For those of you who use CSS in web design (or have been following its evolution), you may remember the battle cry of “tables are dead” from a few years ago, which was soon followed by rallying cry “Long live tables!”
According to the thinking (and gurus) at the time, EVERYTHING that could be done with a table could be done with div layout and a little creativity. In spite of the fact that tables can easily resolve some very tricky problems and can be styled with CSS, tables are still kind of a dirty word in web design.
I’ve had a few attempts to go tableless; some very successful, some not so successful. My least successful tableless adventure, happened in 2005. As part of a class project, I decided to create a tableless and very graphics heavy website. The tableless part was easy until I decided to embed flash. Without a table to control the size output, there was no way to force IE and firefox to render the flash movie the same. Believe me, I searched high and low. Nope, not doable. Because the “lesson” or project challenge that I was supposed to be learning was tableless layout, I was stuck with a website that doesn’t render perfectly in IE and firefox (although to be honest, most people couldn’t see the problem).
A table would have been the easy answer. Although I shy away from tables, I do find they still have value in web design, as I re-discovered just recently.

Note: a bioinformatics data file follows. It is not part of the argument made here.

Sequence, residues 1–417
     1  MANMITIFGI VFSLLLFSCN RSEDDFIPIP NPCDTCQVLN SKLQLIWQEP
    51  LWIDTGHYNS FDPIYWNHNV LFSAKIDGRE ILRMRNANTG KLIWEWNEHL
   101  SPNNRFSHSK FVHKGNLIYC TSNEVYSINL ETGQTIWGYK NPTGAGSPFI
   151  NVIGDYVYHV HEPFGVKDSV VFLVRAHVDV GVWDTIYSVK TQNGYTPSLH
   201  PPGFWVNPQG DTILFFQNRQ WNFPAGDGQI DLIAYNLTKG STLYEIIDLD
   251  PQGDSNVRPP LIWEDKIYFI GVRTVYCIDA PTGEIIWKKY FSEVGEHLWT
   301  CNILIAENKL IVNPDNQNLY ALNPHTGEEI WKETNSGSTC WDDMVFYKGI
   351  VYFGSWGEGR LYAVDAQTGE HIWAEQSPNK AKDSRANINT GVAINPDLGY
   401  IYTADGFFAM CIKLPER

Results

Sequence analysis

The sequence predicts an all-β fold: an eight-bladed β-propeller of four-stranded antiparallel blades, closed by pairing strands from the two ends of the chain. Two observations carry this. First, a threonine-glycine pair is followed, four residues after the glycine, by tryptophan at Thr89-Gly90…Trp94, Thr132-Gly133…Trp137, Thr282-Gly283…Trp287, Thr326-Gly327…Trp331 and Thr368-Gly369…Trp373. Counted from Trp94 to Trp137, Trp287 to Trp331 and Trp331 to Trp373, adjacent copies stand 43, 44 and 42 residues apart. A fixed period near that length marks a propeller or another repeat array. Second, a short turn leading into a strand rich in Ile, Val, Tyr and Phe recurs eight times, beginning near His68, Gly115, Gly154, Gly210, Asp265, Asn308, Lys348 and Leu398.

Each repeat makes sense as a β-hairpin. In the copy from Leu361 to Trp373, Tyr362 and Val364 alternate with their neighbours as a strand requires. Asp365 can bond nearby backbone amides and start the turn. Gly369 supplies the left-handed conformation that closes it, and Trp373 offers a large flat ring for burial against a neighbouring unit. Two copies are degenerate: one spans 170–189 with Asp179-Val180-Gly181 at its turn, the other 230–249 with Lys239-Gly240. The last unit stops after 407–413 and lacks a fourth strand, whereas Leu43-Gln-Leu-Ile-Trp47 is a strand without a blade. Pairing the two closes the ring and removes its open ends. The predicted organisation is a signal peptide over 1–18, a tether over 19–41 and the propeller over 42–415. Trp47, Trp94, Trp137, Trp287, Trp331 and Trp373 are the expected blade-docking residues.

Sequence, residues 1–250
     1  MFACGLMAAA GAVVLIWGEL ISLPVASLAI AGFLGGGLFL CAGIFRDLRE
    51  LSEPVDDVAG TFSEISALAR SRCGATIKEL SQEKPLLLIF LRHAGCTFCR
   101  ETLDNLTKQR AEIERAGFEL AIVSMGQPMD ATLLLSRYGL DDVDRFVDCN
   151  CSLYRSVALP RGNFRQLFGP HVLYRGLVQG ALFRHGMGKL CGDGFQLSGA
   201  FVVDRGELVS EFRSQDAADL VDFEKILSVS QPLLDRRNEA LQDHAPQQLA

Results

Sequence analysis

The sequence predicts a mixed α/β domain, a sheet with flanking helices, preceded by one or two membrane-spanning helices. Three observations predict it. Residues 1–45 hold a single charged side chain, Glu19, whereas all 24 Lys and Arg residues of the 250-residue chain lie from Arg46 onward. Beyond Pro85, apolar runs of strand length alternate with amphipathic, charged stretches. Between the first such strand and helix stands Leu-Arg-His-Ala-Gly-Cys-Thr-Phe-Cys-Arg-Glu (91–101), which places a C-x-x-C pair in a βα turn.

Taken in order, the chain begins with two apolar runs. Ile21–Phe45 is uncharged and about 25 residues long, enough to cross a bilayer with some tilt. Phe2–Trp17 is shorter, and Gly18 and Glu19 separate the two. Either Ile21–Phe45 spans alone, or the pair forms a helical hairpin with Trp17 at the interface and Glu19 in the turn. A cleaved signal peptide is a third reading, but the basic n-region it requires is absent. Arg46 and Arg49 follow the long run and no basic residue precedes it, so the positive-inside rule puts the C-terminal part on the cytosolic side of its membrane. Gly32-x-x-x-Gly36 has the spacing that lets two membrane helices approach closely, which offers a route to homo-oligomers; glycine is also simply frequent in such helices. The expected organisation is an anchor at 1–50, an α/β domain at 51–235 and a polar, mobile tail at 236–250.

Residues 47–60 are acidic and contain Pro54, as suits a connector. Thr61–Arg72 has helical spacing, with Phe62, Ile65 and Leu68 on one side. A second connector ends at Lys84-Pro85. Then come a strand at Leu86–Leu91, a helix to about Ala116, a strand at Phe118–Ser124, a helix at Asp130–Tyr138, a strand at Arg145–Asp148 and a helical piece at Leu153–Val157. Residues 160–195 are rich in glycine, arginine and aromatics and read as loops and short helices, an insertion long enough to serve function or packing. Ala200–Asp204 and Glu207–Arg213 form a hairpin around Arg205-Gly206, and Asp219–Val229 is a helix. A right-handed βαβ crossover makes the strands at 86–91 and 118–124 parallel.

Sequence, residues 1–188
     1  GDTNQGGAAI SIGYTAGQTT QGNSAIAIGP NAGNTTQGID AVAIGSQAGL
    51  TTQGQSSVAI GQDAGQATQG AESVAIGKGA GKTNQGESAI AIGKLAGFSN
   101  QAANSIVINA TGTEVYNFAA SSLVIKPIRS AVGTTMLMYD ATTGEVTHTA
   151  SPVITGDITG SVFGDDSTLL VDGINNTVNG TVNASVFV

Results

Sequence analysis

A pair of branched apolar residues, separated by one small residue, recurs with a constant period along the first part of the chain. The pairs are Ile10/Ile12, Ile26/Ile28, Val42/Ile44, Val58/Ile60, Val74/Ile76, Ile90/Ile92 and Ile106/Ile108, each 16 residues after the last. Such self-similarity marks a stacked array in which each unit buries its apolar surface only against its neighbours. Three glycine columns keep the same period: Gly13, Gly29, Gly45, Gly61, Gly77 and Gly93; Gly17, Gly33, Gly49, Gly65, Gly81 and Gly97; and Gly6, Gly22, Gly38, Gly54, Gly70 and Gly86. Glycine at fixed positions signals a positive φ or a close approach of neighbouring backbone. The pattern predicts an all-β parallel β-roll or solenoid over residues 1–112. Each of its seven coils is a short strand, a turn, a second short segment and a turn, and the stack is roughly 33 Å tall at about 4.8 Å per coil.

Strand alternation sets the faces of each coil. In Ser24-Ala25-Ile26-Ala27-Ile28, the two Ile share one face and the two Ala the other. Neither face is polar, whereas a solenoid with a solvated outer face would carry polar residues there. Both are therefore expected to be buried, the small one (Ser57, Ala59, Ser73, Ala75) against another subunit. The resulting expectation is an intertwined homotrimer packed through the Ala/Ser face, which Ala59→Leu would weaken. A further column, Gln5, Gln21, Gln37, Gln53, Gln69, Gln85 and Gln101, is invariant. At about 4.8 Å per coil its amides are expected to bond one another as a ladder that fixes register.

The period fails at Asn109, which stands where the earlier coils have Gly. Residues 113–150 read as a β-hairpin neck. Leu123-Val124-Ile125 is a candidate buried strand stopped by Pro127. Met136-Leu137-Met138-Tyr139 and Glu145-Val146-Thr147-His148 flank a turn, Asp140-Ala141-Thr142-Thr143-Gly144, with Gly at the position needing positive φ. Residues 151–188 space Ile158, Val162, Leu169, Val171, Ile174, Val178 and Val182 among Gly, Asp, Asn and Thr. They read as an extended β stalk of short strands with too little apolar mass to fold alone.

For the magazine (and the pacercms dev group), I’ve been working on the rss feed output. The original feed outputted the summary (the first feed image), but my goal is to output the whole magazine in a readable format, including images, links, and proper line breaks.
The easiest way to fold the images into a rss feed is through an embedded image (as in my new version of the feed). However, with an embedded image, there is no easy way to caption it. Sure, alt tags and names can provide popup and additional info, but I need to be able to easily and visibly include copyright info, author info, etc. AND have it show up in the feed in context, not at the bottom or top of each item.
Tables to the rescue! Using the caption tag, I am able to add both a caption and locate it below the text (actually, in my case, an image). I am also able to style the table so that it renders the same in each article: the placement will be the same, the padding will be the same, etc.
I can’t believe how easy this is and I also can’t believe that I had forgotten how useful tables are.
the always wonderful, alistapart.